Fonejacker Kayvan Novak on returning to the spotlight – and moving on from “brown parts”

Prank calls almost killed me, says Novak. So why is he returning to comedy with new series SunTrap?


Good question,” says Kayvan Novak, as if he’s been wondering the same thing. I’ve just asked the Fonejacker creator where he’s been. “It’s been a transitional period for me.”


It’s nine years since the Bafta-winning animated comedy first appeared on E4, and three years since its follow-up, Facejacker, last aired. There has been the occasional acting role (notably in Chris Morris’s Four Lions, the ambulance drama Sirens and BBC4’s Asylum, which he co-wrote) as well as parts in the odd series (including Skins, Doctor Who, Rev and the voice of Brains in Thunderbirds Are Go), but little to write home about. But now Novak is back in SunTrap – a new BBC1 comedy series, and his first conventional lead part.

Fonejacker and Facejacker were huge cult hits. In the first, Novak made prank phone calls as a variety of characters, from dodgy car salesman Terry “Talk to me” Tibbs to Nigerian “business- man” George Agdgdgwngo. The show was beautifully animated, politically incorrect, subversive and extremely funny.

In Facejacker, Novak translated the characters into live situations – rather than hiding behind the phone, he appeared in the flesh, heavily disguised with prosthetics. So, for example, he visits his old art college disguised as pretentious art critic Brian Badonde and attempts to oust his former teacher from his class. Or as Terry Tibbs he hosts an episode of Come Dine with Me that results in the house being burnt down after an elaborate fireworks display goes wrong.

His prosthetics in Facejacker are so accomplished that it’s a surprise when I see Novak in the flesh – a handsome 36-year-old who morphs into a young Robert De Niro when he smiles. Not an impression – he bears an uncanny resemblance to the actor.

So where has he been? Well, he says, things haven’t always been easy. After years of struggle he thought he’d finally made it. Kids would stop him in the street, high-five him, tell him he was the Fonejacker fella and that they loved him. But not all TV executives felt the same.

He did a pilot for a Terry Tibbs chatshow and that didn’t work out. He was asked to create new characters, and struggled. “I said OK, I’ll do some new characters, but certain characters are so good and just work in any environment.” He pauses. “Why did Barry Humphries play Dame Edna for so many years? Why is Steve Coogan still doing Alan Partridge? Because there are just one or two characters they love doing. I’m lucky enough to have six that I’m crazy about.”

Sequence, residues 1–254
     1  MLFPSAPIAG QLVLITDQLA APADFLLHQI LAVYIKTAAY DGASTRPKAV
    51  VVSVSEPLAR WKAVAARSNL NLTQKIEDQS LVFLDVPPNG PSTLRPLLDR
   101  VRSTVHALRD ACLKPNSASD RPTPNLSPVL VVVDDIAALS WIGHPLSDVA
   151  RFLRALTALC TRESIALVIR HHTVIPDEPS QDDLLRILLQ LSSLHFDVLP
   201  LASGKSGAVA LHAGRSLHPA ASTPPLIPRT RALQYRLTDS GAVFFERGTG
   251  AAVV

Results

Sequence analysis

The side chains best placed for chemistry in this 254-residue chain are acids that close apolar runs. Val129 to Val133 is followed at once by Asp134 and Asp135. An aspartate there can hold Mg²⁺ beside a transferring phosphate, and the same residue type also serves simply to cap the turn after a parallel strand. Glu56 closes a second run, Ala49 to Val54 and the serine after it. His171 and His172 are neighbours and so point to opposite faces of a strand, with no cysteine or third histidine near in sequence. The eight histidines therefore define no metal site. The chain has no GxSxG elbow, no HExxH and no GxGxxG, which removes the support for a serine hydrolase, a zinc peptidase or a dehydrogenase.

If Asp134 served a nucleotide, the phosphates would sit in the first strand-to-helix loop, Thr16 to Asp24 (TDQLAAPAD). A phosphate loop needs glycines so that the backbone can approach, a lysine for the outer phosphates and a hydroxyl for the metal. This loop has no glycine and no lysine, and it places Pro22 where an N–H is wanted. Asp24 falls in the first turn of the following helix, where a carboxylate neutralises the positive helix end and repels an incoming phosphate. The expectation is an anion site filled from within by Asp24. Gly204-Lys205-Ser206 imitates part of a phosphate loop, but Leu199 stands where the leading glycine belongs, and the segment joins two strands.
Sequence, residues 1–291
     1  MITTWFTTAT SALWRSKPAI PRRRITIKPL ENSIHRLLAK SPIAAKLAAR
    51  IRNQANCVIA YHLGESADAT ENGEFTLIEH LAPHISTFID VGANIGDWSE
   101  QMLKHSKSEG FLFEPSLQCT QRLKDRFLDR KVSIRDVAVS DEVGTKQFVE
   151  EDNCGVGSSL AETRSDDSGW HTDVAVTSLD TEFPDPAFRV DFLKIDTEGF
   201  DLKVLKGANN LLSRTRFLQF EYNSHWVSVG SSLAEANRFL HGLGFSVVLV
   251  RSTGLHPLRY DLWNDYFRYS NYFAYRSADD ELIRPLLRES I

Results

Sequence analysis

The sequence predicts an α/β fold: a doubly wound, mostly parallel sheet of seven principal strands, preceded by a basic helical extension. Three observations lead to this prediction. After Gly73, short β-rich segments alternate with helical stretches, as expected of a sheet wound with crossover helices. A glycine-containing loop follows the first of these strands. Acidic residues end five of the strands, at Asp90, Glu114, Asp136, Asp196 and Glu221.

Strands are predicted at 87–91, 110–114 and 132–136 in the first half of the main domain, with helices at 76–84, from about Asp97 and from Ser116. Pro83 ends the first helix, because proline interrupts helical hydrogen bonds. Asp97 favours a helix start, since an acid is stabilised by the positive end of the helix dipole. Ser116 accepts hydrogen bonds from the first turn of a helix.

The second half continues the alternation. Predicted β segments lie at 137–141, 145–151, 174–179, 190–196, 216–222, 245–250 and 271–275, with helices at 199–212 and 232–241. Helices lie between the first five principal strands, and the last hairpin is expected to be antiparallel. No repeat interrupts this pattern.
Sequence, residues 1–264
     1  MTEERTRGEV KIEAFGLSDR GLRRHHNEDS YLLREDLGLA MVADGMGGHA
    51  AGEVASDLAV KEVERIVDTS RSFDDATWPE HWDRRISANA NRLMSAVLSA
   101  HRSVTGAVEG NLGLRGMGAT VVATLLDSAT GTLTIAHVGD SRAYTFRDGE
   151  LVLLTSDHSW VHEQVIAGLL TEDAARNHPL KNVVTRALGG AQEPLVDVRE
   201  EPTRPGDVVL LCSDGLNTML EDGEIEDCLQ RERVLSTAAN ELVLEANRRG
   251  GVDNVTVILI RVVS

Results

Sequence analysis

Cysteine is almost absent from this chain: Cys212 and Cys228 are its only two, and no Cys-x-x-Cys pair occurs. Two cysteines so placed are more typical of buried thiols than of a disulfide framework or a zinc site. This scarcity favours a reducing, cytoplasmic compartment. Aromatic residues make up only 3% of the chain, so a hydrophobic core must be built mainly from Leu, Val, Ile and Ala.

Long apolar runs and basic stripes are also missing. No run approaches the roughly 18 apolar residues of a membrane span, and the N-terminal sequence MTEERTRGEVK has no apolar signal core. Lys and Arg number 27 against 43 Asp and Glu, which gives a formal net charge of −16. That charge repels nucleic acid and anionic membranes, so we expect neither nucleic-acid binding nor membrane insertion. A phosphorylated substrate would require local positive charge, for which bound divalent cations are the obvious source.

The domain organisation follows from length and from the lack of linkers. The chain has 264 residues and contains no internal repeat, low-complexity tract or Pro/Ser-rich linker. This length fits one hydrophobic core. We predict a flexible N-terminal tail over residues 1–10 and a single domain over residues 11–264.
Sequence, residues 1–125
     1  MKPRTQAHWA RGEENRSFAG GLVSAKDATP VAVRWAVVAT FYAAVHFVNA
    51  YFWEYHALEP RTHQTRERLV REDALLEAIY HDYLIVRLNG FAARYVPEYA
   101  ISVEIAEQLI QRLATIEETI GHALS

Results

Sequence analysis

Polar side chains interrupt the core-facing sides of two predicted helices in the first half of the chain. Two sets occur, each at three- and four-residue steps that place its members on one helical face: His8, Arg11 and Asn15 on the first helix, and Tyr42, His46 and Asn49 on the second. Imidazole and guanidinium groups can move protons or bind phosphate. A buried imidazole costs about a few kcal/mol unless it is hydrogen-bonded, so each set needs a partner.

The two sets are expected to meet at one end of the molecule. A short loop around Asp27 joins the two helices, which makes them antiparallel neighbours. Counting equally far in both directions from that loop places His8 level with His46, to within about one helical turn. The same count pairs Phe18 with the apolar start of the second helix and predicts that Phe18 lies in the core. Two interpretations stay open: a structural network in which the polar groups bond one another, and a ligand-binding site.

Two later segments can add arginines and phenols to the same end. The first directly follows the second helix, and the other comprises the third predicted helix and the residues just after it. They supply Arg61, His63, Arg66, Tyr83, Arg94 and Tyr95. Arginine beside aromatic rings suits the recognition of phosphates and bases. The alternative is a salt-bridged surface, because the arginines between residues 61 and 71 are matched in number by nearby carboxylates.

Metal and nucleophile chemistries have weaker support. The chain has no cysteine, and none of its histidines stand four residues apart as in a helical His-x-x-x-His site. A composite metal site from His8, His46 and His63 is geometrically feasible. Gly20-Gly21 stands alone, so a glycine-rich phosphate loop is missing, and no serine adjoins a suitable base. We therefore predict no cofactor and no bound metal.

Novak is the son of Iranian parents – his father is a retired accountant, his mother a primary school teacher. He talks about how they worked their butts off so he could go to the north London private school Highgate, how he disappointed them by getting expelled in sixth form because he was bunking off and getting poor grades, how his father begged him not to bring up the expulsion in today’s interview (It’s not Kayvan’s fault, Dad – I brought it up).

Last night, he was chatting with his mother about “the ups and the downs, the lucky breaks, the frustrations of showbiz”. He says he’s sure he would have given up if I hadn’t been for their love and support. But it’s struggle that has made him what he is today. If he’d had it easy there would have been no Fonejacker.

He went to an arts college to complete his A-levels, and then on to drama school in London. He soon found himself working on films and TV shows, including Syriana, starring George Clooney, Spooks and The Government Inspector. There was only one problem – he was usually cast as a terrorist, with the odd Turkish pimp or doctor thrown in to spice things up.


At first he thought he was lucky. “I had a niche. And my niche was that I was brown. So it’s like, great, I get to go up for all these ‘brown parts’. I call them ‘brown parts’ because that’s what they are. That’s not to be resentful because I loved playing those parts – I got to meet so many cool actors.” But, he says, it soon began to pall. “Playing the terrorists, the pimps, the doctors – it got to a point where I wanted more and I thought if I’m going to make it in this industry I can’t keep doing these parts because I’m just repeating myself.”